Much of the Whin Sill and other fine-grained doleritic rocks from the north of England show limonite-stained calcite along jointing and/or more exotic zeolite-like materials.
A little bit should be removed. I doubt that it is 'iron-pan'-it might be a heavily weathered skin.
But a thin section is the only way of cheaply being certain.
Small dolerite erratics are common in eastern and southern England(OWT has made a career from them!)
Nice lump though!!
Myris

Charlie said...

It would be interesting to see if the patina reacts to HCl.
Also, I've seen a very light tan weathered surface on mafic rocks (eg rhyolite) before.
Cheers,
Charlie

Charlie said...

My mistake: rhyolites are felsic not mafic. Petrology was a long time ago...

Anonymous said...

Feakish basilisks rising from their lairs with baleful stairs (sic) does it for me-everytime.
Myris (missing the relative wisdom of Kostas).
As Baldrick would say geophys.

chris johnson said...

Returning to some recent themes, I came across the work of Prof. Jane Evans and colleagues analyzing animal teeth from Durrington Walls and making a link to Precambrian or Palaeozoic rocks based on the strontium profile.

I wonder if anyone knows how this work has been progressing, and whether strontium levels can be used to provenance to particular rocks?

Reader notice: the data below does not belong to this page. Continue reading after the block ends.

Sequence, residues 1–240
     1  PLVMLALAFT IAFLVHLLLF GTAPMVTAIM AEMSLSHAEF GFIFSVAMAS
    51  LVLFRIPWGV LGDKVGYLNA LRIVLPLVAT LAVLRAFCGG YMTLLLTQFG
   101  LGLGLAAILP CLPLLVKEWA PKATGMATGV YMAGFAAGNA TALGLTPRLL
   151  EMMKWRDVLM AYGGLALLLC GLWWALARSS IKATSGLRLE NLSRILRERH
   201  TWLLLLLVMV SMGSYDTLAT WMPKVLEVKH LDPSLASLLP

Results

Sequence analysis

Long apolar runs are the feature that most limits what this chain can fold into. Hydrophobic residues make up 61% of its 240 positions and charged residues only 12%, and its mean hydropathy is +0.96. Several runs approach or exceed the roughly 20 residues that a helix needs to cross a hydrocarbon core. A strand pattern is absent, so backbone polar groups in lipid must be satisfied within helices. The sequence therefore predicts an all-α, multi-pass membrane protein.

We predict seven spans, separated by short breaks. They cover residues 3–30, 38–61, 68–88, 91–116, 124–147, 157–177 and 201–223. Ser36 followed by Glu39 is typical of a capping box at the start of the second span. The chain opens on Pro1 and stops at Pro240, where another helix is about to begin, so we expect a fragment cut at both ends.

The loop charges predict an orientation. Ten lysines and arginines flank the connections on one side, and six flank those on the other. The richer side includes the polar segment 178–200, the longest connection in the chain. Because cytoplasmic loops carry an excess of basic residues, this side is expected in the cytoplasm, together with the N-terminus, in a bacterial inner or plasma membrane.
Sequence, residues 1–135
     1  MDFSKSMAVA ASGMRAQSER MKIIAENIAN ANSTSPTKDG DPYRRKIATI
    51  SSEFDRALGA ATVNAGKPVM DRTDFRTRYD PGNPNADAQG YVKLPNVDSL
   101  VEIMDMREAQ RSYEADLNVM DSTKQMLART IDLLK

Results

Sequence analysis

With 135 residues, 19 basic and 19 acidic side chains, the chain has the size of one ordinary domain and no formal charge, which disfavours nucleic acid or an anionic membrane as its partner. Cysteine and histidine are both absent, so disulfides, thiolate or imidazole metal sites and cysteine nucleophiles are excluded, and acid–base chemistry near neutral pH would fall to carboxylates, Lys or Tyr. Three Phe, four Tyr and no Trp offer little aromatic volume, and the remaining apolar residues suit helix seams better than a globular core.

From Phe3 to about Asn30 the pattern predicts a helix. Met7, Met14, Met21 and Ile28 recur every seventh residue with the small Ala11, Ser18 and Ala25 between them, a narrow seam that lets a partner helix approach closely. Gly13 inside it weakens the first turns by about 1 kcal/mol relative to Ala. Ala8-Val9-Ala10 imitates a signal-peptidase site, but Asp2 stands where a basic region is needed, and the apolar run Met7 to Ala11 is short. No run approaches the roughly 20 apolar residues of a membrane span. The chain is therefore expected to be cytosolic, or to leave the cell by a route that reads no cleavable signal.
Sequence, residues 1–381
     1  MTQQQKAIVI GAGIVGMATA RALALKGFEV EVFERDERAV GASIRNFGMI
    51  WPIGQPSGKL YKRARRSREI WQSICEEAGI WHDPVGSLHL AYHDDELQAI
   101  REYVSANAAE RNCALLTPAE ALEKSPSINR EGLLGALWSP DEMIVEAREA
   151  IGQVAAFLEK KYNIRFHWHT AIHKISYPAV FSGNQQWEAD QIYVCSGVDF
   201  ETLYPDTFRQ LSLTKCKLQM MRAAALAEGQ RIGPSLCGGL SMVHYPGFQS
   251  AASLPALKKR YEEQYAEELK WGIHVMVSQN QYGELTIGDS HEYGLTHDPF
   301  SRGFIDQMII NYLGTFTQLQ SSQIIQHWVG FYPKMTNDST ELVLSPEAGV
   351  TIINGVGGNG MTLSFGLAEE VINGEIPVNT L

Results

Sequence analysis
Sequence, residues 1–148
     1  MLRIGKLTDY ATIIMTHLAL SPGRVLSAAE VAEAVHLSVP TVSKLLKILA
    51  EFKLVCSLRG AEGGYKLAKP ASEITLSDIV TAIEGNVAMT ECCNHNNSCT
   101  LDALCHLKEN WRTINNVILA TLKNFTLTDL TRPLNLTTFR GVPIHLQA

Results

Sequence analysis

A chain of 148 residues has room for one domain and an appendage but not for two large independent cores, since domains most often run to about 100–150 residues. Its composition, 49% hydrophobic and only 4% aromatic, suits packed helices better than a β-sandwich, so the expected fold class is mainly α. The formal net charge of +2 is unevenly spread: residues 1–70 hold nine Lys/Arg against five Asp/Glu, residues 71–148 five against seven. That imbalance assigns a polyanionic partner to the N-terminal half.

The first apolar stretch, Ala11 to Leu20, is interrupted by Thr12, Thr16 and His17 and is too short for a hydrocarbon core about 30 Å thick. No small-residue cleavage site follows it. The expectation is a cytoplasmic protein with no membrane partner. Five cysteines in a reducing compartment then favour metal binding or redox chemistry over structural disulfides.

Brian mentioned Jane's work some time ago.

chris johnson said...

I did some homework to answer (partly) my own question. Likely this is known to several people on this blog already but in case anyone is interested ..

Many animals at Durrington did not grow up on the chalk. Some came over 100 kms to join the feast. As with the Boscombe Bowmen, here could be another link to Wales. At any rate, it seems some of the Stonehenge people were drovers.

BRIAN JOHN said...

Colin -- you cannot simply ignore the geological evidence and pretend that the "Preseli bluestones" are indigenous to Salisbury Plain. They are very varied, and their sources (or at least the sources of many of them) have been pretty reliably established. You may choose to ignore it for the sake of your latest theory, but nobody is going to take you seriously. As I said many times before to our friend Kostas, please go away and do some reading -- there are plenty of specialist papers for you to consult!